Lerner Ghitis Calls for Further Dialogue to Resolve Protests

President Ollanta Humala’s cabinet chief, Salomon Lerner Ghitis, called on organizers of anti-mining protests in northern Peru’s Cajamarca region to participate in talks to resolve the dispute, state news agency Andina reported.

Speaking to the press at the business conference CADE 2011 in Cusco, Lerner said that the central government has been holding talks with protesters, which are being led by Cajamarca’s regional president, Gregorio Santos, among others.

“This is the call that I want to make to the region of Cajamarca, its mayors, its regional government, its environmental organizations: that with dialogue we can reach a deal,” Lerner said.

During his address to the CADE conference, Lerner Ghitis also mentioned the Conga project and said that the decision to suspend the project did not in any way imply a loss of authority.

Activity in Cajamarca has begun to return to normal after days of increasingly violent protests against gold producer Yanacocha’s Minas Conga project, according to newspaper El Comercio.

Yanacocha is majority owned by US firm Newmont (51.35%), with local miner Buenaventura’s Minera Condesa company (43.65%), and the International Finance Corporation, a unit of the World Bank, with the remaining 5%.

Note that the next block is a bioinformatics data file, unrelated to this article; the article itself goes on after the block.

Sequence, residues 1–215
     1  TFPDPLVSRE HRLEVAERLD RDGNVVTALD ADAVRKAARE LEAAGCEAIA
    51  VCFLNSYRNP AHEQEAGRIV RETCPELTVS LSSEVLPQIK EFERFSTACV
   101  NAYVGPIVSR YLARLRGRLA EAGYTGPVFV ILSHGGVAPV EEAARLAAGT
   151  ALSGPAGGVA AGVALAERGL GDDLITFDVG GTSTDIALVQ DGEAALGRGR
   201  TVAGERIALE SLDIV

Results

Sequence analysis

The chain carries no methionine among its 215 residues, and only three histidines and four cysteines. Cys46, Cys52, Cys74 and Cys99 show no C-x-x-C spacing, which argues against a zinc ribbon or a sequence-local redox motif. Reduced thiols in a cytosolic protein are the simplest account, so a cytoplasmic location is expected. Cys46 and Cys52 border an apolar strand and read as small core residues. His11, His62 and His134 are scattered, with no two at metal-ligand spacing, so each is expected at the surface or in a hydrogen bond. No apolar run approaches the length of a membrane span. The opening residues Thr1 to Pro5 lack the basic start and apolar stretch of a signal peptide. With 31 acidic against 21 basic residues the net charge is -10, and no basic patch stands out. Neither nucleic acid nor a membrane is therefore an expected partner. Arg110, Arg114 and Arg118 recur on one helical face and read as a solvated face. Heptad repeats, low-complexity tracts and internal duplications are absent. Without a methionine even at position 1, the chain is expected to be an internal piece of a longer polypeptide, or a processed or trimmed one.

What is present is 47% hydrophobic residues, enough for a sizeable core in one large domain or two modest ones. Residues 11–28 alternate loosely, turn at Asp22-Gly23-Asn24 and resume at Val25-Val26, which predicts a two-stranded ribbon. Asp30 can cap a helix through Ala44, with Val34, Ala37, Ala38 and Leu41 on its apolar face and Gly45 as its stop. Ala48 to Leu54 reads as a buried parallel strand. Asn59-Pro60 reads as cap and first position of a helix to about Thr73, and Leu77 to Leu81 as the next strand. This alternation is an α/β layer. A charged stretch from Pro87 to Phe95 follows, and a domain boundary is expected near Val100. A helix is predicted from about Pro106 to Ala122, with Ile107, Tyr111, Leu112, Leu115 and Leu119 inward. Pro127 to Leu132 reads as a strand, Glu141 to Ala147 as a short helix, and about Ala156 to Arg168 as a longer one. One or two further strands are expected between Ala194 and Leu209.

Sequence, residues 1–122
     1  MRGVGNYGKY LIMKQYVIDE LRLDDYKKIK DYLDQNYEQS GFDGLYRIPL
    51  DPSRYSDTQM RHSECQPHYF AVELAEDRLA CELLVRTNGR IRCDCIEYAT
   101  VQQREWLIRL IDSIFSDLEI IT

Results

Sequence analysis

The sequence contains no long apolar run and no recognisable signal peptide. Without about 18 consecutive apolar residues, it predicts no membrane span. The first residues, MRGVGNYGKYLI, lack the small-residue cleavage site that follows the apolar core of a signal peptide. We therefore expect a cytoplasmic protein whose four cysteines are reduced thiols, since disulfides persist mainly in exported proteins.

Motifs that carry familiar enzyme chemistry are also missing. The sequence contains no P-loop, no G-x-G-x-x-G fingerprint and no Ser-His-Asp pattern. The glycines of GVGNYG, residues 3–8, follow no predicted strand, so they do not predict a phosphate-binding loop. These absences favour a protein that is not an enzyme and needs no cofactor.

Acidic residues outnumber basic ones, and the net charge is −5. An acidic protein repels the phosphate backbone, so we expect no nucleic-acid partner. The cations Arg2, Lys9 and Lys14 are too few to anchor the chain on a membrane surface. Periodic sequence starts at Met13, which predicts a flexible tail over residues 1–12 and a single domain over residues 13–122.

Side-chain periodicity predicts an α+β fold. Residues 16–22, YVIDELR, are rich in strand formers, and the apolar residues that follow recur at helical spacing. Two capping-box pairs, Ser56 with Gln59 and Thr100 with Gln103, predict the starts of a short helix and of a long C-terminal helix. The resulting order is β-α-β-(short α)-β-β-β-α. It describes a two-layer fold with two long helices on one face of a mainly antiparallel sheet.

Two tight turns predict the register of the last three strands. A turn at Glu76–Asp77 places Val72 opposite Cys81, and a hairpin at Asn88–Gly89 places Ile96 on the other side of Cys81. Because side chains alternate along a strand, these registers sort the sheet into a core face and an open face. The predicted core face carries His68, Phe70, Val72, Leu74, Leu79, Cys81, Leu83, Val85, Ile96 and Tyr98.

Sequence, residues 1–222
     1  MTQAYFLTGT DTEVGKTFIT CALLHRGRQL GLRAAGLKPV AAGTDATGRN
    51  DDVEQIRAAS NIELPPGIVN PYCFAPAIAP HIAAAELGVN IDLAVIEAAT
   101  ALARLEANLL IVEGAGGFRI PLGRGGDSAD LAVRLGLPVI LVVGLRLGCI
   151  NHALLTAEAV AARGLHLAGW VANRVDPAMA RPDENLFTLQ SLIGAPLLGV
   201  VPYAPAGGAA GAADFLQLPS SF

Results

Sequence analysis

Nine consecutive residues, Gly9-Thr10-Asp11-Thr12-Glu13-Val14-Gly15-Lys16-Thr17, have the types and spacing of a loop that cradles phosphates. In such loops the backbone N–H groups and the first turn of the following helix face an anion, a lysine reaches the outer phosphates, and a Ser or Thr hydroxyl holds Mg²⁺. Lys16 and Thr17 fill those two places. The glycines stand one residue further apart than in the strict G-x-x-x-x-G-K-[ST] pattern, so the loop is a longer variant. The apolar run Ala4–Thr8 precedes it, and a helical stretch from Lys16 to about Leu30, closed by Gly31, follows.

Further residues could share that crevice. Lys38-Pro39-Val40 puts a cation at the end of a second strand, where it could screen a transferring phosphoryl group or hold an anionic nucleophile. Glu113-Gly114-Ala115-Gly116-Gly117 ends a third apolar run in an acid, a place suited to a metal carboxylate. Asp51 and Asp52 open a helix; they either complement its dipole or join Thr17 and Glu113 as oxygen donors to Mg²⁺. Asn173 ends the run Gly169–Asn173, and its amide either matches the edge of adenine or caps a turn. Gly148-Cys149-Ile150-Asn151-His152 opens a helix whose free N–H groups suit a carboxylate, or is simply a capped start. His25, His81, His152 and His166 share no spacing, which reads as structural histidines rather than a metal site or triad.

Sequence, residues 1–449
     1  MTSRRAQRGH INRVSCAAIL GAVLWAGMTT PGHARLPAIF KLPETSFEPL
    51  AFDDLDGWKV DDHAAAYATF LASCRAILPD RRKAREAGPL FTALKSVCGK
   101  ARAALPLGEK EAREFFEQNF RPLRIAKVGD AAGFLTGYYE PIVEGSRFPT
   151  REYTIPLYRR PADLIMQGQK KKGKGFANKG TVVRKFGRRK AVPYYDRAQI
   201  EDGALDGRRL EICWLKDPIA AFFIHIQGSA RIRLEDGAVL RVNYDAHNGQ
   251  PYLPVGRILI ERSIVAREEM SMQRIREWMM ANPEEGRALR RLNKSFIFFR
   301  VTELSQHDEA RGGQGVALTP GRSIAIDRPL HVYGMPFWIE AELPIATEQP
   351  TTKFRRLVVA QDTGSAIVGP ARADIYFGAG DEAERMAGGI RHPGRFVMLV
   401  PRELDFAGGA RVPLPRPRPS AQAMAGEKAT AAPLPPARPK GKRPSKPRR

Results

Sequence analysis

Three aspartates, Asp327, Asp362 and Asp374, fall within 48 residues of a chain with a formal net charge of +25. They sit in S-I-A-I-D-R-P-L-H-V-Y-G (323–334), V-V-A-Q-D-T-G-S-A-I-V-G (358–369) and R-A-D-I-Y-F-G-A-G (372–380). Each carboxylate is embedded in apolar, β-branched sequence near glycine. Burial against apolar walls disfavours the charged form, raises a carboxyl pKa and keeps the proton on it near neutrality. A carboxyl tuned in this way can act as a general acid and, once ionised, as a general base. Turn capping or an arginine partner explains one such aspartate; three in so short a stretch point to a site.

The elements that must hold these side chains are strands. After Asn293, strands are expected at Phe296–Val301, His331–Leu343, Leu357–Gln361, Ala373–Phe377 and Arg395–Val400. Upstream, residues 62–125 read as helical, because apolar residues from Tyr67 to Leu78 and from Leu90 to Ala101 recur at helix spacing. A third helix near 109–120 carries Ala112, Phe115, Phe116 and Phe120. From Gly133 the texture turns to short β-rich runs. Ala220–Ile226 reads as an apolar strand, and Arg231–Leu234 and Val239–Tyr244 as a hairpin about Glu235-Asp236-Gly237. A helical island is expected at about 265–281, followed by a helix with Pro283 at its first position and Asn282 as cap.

Conga was suspended earlier this week, but protesters have said they want the government to issue a decree to definitively cancel it. Protesters have said they are concerned about how the project will affect their water supply and quality.

Lerner called on Yanacocha to work towards improving its relations with communities. Analysts say that in addition to environmental concerns, the protests have gained support from local residents due to a deep distrust of Yanacocha, which has been operating South America’s biggest gold mines since the early 1990s.

The conflict has posed a major challenge to Humala’s government, which took office in late July and has led to one high-level official’s resignation from the Environment Ministry.

Humala, a 49-year-old former army officer, cancelled a trip to Venezuela and Mexico where he was to participate in two regional summits. A statement from his office did not say why the trips were cancelled, but El Comercio reported that it was due to the Cajamarca conflicts and new conflicts on the south coast at Cañete.

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